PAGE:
Archives for the month of: January, 2017

While walking along the Mawaku River toward the sea, I spotted an unusual set of footprints in the mud.

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Dainty pawprints of the golden-bellied marten. Note the dog pawprint in the lower center of the photo for scale.

They were made by the golden bellied marten (Martes flavigula), a large and lovely member of the weasel family. Longer-legged and heavier than American martens, Taiwan’s marten is capable of hunting baby deer! Now that the clouded leopard is extinct and the Formosan bear increasingly rare, these beautiful secretive creatures, equally at home scaling mountain cliffs, slinking through the jungle undergrowth, or climbing into tree canopies, are Taiwan’s top mammalian predator.

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The gorgeous Martes flavigula, showing off impressive canines…photo in the public domain. 

I hope to see one while I’m here!!

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Hanging out waiting for a fat squirrel… this photo also in the public domain.

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Sometimes during my life as an anthropologist I am overwhelmed by incredible events; things that seem to come out of books or dreams. Last week in the small town of Atolan on the beautiful east coast of Taiwan I watched as a whole pig, spreadeagled, was slowly turned on a huge grid-shaped spit over roaring flames.

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Amis tribal members preparing pork for a special lunch to bring home the spirits of lost WWII warriors.

Siki Sufin, a sculptor of the Amis tribe, has been dreaming of the restless spirits of Amis warriors: men who were conscripted by the Japanese military to fight in the second world war. Many of these men, who fought in New Guinea, the Philippines, and other islands of the Pacific Theater, never returned. You remember those stories of old Japanese soldiers who hid for 30 years in the jungle only to emerge in the 1970s? One man, Attun Paladin (Teruo Nakamura was his Japanese name) was an Amis tribal soldier.

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Attun Palalin, also known as Suniuo or Teruo Nakamura, an Amis soldier who held out on the tiny island of Morotai for decades. Garlanded with flowers upon his return to Taiwan in the mid-1970s. Photo credit to the Taipei Times, available in the public domain.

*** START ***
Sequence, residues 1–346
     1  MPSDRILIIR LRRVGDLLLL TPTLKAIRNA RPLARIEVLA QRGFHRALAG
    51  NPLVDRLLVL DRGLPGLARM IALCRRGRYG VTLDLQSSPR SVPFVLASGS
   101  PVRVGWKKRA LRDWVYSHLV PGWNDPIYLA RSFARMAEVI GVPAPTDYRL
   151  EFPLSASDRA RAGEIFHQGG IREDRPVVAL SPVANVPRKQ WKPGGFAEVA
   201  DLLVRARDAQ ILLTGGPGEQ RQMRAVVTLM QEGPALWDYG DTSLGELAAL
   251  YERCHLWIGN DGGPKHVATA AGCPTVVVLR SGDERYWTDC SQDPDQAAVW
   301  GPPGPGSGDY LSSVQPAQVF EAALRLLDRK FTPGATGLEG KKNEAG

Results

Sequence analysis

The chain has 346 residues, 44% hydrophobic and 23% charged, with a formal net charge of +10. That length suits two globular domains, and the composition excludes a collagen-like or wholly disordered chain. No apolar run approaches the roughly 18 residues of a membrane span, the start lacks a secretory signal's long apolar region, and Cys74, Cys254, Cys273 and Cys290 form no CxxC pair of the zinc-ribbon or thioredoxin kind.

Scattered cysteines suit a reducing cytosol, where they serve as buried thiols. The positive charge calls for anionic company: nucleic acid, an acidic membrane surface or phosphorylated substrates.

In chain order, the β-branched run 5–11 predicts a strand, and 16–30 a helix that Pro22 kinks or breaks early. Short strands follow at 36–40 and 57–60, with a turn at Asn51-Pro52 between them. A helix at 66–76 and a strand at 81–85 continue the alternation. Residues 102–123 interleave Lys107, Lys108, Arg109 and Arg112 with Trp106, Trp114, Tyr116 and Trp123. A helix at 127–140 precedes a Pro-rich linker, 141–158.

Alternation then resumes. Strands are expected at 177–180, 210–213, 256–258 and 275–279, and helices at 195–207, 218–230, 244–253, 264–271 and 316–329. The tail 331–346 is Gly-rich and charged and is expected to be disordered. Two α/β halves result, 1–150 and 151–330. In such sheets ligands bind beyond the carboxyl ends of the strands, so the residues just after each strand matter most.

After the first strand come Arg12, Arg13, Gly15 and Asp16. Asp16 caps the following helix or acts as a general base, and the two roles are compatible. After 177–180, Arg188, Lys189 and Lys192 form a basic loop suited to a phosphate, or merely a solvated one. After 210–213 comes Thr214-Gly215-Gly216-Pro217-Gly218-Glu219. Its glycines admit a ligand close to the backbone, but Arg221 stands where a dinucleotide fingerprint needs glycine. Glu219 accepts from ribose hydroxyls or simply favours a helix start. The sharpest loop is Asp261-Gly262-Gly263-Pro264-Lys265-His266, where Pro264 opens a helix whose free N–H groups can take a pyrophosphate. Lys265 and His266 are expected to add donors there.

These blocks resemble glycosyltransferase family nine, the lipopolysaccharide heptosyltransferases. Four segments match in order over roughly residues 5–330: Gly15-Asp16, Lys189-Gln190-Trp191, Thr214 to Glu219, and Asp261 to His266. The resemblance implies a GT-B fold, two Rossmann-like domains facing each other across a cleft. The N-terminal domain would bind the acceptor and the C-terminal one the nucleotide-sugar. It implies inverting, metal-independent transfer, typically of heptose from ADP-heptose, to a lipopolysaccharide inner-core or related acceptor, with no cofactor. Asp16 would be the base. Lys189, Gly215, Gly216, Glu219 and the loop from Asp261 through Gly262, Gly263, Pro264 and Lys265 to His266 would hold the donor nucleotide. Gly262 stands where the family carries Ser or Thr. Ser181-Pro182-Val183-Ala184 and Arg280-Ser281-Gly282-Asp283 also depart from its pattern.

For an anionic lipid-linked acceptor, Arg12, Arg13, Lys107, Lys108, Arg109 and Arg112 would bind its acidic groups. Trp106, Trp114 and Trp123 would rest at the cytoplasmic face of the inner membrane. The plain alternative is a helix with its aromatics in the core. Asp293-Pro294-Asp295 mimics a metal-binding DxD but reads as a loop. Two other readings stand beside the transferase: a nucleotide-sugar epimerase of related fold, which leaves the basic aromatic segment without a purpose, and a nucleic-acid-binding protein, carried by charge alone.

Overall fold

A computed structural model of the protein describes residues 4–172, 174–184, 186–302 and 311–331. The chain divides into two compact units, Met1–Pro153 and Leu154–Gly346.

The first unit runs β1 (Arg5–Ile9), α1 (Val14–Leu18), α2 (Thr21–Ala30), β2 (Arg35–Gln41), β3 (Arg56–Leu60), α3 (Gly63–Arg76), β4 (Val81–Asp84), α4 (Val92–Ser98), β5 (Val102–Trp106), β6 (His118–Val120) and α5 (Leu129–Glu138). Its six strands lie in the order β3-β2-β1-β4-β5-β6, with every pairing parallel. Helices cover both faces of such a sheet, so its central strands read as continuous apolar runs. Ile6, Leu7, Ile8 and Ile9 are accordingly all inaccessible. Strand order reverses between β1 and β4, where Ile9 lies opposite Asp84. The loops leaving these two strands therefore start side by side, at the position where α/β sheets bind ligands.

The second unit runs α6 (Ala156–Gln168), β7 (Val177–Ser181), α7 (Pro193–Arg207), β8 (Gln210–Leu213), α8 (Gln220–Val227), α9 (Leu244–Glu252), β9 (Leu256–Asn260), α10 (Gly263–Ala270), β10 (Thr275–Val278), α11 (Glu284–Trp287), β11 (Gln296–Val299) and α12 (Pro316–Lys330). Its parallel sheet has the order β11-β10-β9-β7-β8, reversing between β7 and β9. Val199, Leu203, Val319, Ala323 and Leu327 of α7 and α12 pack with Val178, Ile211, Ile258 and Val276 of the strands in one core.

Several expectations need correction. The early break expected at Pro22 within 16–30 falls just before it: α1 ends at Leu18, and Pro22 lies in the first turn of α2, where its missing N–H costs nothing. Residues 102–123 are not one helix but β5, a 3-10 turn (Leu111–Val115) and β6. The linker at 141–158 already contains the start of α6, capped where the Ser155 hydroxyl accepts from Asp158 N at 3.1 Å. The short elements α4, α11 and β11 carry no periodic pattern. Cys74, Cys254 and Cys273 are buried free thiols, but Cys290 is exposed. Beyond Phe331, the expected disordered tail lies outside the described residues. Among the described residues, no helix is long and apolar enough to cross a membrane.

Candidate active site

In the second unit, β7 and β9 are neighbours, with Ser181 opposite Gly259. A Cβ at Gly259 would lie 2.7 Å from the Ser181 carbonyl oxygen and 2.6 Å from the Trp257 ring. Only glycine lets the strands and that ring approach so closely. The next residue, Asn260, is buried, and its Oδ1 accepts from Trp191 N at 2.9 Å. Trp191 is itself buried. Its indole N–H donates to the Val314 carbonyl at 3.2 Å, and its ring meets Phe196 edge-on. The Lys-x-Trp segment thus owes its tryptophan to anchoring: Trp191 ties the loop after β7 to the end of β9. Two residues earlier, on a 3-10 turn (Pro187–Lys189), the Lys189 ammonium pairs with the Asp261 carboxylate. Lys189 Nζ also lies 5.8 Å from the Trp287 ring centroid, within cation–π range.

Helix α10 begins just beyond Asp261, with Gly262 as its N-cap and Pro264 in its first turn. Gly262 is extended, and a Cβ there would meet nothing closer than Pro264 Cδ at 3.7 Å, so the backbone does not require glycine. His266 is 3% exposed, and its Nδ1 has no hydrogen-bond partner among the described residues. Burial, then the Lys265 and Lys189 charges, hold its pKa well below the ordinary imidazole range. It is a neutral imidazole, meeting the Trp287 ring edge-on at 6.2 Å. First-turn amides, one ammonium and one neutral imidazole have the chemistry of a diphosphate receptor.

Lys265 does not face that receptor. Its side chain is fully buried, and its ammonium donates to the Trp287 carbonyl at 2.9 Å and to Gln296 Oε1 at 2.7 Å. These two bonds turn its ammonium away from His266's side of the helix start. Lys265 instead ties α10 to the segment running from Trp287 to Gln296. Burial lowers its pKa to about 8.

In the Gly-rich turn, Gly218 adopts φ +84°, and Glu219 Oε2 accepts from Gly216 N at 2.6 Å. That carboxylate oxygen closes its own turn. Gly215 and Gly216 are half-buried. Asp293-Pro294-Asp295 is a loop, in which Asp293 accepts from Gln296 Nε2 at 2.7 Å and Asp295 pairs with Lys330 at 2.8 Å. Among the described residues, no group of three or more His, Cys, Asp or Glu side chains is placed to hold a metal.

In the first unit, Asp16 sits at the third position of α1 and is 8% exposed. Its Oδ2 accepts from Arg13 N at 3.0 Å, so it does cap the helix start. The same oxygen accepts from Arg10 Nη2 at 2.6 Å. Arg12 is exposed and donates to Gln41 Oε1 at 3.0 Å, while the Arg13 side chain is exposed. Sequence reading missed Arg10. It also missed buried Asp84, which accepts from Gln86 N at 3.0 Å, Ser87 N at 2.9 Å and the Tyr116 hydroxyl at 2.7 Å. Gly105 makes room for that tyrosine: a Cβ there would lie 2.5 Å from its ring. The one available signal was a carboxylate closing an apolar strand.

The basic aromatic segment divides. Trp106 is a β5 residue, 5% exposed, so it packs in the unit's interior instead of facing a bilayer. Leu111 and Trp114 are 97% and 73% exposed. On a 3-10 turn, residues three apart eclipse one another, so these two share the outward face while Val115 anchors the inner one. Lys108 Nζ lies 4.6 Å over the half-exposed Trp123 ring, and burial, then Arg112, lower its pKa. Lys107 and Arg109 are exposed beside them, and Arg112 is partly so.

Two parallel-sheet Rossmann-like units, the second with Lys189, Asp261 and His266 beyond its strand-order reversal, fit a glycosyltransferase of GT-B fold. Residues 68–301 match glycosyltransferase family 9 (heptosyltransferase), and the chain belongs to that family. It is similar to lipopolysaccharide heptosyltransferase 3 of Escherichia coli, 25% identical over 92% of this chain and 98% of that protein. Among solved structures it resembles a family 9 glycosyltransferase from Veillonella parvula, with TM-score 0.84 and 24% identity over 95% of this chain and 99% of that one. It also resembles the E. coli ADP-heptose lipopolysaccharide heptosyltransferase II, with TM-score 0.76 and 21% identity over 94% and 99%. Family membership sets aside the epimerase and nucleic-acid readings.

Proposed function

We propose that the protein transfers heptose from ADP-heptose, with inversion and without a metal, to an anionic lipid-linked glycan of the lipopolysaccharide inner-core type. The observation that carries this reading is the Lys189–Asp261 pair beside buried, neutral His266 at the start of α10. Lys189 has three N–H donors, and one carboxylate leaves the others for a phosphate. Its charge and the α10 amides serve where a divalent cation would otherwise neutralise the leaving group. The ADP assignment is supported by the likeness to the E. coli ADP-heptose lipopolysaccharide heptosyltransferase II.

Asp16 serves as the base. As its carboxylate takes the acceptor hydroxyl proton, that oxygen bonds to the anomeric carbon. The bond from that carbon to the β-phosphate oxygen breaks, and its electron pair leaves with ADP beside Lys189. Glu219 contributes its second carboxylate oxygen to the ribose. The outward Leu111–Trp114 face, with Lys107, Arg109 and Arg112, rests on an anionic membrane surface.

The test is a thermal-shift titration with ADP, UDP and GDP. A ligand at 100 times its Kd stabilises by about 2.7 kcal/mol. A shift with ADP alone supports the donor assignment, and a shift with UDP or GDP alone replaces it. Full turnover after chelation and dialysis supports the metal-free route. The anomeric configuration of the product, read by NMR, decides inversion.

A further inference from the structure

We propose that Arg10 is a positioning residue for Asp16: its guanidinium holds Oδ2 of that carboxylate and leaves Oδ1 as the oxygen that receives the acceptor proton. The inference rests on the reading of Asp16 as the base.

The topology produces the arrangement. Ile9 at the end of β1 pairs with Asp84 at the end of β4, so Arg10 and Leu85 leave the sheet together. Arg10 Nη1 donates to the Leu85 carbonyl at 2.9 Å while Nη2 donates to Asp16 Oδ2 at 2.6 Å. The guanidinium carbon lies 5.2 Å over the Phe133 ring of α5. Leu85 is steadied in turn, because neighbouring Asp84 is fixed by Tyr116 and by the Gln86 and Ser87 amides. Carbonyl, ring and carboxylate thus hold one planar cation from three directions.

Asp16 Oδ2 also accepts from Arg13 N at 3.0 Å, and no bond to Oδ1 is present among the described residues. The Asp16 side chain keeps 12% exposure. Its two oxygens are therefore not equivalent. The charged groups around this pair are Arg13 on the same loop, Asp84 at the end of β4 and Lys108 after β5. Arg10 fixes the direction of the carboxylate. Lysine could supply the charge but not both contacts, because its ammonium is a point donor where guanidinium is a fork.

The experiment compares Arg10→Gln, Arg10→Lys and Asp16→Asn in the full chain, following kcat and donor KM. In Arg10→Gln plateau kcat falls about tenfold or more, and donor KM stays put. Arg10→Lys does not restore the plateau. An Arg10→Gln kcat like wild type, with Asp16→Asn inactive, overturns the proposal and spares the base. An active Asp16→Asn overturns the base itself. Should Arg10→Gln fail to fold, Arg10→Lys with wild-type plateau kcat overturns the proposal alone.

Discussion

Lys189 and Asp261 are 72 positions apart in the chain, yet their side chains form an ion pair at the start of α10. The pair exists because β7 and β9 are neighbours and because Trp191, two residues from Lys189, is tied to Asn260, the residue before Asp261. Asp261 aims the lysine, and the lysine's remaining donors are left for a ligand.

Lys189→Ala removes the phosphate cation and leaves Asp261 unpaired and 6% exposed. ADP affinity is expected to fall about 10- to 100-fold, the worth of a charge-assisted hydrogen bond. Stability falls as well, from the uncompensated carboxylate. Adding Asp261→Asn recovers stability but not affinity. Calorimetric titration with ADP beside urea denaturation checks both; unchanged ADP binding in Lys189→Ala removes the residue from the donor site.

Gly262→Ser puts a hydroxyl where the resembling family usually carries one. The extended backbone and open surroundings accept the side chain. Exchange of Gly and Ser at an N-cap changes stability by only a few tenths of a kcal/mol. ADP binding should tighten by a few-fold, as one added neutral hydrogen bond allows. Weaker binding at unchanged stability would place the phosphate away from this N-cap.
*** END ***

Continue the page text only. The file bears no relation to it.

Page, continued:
This sculpture by Mr. Sufin invokes the spirits of Amis warriors to fly back home to Taiwan and be at rest.

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A fabulous chainsaw sculpture by Amis artist Siki Sufin shows wings raised in flight for returning soldiers’ spirits. This is a cast: the original was dedicated in New Guinea.

To tempt their appetites, Siki sponsored a lively pig roast and sing at the community center. The aroma of roast pork rose into the pearly grey sky along with voices raised in complex woven songs. My eyes burned from the beauty of the songs and the fumes of millet liquor that was continually pressed into my hands…

In the small Amis tribal gardens and fields, between the rows of familiar crops is a riot of mysterious edible wild plants and native domesticates lovely to behold. This is a uniquely tribal approach to farming.

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Mr. Gao’s field. Wild greens grow between the crops, and when added to soups or lightly fried with garlic and salt are a delicious part of a typical Amis dinner.

The wild plants offer shade, keep soil moist, and some fix nitrogen. The pinkish red Taiwanese quinoa, above, was domesticated by tribes thousands of years ago and exists only on the island.

Common wild veggie dishes this time of year are dadugum and bird’s nest fern. The leaves of the former, and the baby fiddleheads of the latter, are coated in a light egg batter and deep fried, then dipped in a powdered mixture of salt and hot pepper (do NOT breathe this)!

Dadugum leaves taste like young dandelions: tangy with a light peppery after-taste. The fern fiddleheads are wonderfully succulent, like baby zucchini but a little sweeter. Our ancestors enjoyed lots of wild veggies too.  Let’s re-discover wild vegetables in our own gardens and farms! 

Well, I’ve arrived in a small village on Taiwan’s southeast coast. This is one of my research sites (yes, I’m here to do anthropological work in addition to eating amazing food and admiring cats and flowers!) It’s absolutely beautiful here.

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Coconut palms dance wildly in the wind, making a delightful clacking noise. I’m standing with the sea at my back and the mountains right in front.